January 11, 2009 / 9:47 PM / 10 years ago

Auto workers protest Bush concession targets

DETROIT (Reuters) - Auto workers held a small but passionate rally on Sunday outside a big auto industry show to protest labor concessions the Bush administration has demanded in return for recent rescue loans for General Motors Corp and Chrysler LLC.

A group of workers protest against job cuts outside Cobo Center during press days at the North American International Auto Show in Detroit, Michigan, January 11, 2009. REUTERS/Rebecca Cook

“The concessions that Bush wants us to make are just a slap in our faces,” said Tammy Jones, a furnace worker at Chrysler’s Hamtramck axle plant in Detroit. “People fought and died for our rights and we must fight to keep them.”

The $17.4 billion federal bailout of GM and Chrysler announced in December includes concessions aimed at the United Auto Workers union, including requiring company contributions to a retiree health-care trust to be partly stock rather than cash, making UAW wages and benefits competitive with foreign carmakers’ U.S. plants by December 2009, and eliminating the jobs bank, in which idled workers receive pay and benefits.

“We have to maintain our wages, maintain our jobs and maintain our benefits,” said Brian Moore, a safety trainer at GM’s pickup truck plant in the Detroit suburb of Pontiac. “That’s supposed to be the American way.”

GM and Chrysler — which is controlled by private equity firm Cerberus Capital Management LP — have received $4 billion each from the U.S. Treasury and GM has been promised another $9.4 billion.

The group of some 50 or more workers marched up and down outside the conference center in chilly but sunny weather in downtown Detroit where the auto show was being held on Sunday. They chanted slogans such as “Bush says cut back, we say fight back” and holding signs including “No millionaire left behind” and “Out of a job yet? Keep buying foreign.”

“I’m here because I am sick of Bush and his fellow money Nazis in Congress shipping our jobs overseas,” said Ken Good, a retired GM auto worker who was wearing a large sign that read “Import our exported jobs.”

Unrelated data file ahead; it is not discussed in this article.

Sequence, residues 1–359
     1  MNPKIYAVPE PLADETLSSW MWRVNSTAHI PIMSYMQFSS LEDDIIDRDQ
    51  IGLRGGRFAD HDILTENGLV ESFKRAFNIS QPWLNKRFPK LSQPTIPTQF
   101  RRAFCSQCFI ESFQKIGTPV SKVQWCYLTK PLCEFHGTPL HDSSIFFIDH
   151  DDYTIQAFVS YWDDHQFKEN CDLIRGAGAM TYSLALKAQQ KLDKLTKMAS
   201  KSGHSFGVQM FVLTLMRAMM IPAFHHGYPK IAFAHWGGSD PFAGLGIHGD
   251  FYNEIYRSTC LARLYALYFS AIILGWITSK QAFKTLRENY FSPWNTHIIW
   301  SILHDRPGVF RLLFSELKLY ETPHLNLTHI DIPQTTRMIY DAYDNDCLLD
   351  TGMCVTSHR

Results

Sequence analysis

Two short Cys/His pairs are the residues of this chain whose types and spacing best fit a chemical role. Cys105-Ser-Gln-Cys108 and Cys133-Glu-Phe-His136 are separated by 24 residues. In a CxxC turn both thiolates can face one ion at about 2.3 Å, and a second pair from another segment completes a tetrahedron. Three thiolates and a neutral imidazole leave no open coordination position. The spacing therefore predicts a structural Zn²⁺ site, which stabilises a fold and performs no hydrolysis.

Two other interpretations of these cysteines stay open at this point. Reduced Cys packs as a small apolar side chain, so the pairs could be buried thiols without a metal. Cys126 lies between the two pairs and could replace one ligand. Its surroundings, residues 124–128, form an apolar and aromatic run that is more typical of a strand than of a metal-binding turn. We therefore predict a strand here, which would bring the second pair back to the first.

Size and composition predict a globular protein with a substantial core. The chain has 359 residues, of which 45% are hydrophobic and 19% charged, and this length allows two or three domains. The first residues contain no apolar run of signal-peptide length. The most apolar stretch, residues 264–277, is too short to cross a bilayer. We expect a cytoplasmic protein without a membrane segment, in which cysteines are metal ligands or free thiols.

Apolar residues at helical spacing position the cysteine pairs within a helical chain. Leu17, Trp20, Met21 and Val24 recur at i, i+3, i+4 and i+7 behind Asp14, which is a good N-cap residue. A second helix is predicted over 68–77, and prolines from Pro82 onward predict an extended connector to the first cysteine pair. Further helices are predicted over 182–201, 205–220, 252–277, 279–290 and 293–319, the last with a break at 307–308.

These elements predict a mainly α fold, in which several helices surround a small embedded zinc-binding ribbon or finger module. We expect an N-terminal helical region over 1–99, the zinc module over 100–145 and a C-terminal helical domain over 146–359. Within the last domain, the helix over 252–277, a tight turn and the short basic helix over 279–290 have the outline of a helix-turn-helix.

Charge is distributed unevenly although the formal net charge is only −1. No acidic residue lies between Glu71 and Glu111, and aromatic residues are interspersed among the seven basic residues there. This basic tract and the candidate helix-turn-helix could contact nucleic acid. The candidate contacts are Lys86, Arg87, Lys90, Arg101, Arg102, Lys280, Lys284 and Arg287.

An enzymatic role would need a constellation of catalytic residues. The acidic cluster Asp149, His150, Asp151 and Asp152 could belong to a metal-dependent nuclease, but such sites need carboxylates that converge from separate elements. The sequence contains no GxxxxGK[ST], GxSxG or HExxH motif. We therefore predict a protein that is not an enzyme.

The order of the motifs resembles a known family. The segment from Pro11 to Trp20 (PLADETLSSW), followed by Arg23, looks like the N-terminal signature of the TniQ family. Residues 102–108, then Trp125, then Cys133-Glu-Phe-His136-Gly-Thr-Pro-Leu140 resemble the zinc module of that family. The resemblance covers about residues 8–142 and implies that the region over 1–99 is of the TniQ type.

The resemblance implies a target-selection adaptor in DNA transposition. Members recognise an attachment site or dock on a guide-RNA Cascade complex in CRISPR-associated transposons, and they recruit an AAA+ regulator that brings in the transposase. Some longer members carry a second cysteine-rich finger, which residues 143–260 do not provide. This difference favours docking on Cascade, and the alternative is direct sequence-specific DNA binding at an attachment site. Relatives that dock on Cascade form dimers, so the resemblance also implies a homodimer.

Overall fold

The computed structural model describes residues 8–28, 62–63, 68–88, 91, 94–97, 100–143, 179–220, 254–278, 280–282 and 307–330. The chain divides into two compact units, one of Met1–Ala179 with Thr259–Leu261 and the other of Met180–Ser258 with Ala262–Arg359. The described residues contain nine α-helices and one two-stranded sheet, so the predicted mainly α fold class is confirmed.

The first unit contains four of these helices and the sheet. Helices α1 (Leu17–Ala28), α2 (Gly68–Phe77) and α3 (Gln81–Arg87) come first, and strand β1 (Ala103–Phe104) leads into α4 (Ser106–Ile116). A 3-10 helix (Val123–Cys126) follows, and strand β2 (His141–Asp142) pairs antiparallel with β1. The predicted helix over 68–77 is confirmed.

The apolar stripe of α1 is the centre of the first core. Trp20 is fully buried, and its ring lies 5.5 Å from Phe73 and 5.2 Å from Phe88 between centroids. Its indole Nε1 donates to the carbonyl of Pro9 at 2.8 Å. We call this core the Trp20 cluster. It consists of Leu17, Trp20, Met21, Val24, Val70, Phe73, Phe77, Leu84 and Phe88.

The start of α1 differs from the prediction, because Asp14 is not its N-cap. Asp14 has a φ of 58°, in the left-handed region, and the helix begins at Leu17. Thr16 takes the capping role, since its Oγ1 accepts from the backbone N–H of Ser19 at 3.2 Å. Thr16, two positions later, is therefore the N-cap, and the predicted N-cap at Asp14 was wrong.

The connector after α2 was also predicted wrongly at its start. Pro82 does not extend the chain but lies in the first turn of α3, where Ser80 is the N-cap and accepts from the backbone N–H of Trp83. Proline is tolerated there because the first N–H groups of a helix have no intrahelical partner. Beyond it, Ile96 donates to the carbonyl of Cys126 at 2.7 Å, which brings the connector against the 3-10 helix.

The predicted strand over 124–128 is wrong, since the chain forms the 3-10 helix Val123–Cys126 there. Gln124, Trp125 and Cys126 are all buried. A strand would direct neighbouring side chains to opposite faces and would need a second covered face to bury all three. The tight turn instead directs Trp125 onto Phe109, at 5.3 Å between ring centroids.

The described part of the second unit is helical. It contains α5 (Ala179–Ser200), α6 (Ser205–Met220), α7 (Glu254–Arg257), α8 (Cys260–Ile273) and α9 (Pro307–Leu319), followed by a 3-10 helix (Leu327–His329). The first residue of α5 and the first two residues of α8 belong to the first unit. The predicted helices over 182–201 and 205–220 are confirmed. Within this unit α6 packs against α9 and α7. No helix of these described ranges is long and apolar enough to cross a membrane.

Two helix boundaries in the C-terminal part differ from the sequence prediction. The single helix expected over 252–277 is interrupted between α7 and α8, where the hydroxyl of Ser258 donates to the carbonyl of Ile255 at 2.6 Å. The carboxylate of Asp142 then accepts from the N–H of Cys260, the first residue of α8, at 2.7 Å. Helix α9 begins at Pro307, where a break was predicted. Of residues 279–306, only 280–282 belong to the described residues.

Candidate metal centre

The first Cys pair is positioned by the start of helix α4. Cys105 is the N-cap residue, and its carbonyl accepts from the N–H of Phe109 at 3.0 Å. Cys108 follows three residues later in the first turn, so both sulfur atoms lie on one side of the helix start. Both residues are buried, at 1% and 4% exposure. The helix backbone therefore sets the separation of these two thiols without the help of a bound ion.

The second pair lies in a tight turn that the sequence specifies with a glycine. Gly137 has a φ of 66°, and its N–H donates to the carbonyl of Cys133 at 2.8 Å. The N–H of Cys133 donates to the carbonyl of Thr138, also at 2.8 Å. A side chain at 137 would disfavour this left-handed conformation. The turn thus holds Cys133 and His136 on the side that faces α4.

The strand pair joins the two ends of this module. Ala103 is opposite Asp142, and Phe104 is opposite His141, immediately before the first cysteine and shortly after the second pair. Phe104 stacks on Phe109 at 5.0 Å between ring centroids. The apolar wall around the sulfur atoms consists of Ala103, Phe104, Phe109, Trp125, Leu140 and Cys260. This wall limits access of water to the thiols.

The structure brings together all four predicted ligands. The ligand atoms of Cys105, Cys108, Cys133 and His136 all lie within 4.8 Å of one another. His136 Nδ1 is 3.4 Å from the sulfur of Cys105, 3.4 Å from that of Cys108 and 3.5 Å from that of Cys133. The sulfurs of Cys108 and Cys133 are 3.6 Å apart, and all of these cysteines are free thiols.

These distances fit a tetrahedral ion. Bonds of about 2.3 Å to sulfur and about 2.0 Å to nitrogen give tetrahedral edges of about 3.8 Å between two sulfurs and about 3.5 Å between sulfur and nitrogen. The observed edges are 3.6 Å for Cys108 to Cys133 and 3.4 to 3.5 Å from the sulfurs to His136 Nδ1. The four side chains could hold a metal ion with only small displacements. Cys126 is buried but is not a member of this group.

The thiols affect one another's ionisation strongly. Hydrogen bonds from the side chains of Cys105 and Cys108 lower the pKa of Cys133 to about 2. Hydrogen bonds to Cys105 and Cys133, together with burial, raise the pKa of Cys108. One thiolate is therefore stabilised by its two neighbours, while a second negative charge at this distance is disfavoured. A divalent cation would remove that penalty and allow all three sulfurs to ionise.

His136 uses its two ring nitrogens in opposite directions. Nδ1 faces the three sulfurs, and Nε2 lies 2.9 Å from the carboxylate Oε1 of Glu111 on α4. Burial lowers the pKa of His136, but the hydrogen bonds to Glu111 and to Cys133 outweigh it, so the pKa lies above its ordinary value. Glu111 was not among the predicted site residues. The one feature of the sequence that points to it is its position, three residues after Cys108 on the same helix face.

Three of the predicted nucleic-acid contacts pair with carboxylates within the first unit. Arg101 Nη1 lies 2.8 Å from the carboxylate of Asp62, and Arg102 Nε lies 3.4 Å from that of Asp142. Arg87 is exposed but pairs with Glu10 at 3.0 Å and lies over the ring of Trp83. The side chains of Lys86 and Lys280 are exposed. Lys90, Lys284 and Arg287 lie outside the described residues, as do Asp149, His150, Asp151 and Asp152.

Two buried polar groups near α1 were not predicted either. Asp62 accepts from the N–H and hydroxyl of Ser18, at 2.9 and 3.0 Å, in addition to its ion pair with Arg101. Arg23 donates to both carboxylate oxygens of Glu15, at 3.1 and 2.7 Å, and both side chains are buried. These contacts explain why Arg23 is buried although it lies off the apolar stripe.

“I’m worried about my retirement benefits and I’m totally against any further concessions by auto workers,” he said.

The UAW, which made landmark givebacks on wages and health benefits in its 2007 negotiations with the companies, has called the conditions attached to the loans unfair and promised to work with the incoming administration of President-elect Barack Obama to have them removed from the loan agreements.

Phillip Bailey, an unemployed health-care worker who said he had come to the rally to support the auto workers, said he had heard complaints from UAW members about new concessions.

“A lot of the members of the union that I’ve met are angry at the government, the management of the auto companies and their own union leadership,” Bailey said. “There are plenty of workers who are tired of watching the leaders of the UAW roll over on important issues,”

U.S. auto sales dropped 18 percent in 2008, pushing both GM and Chrysler to the brink of collapse. Ford Motor Co the third U.S. automaker, has not sought federal loans but has asked for a $9 billion credit line it could tap if conditions worsen.

Editing by Peter Bohan and Maureen Bavdek

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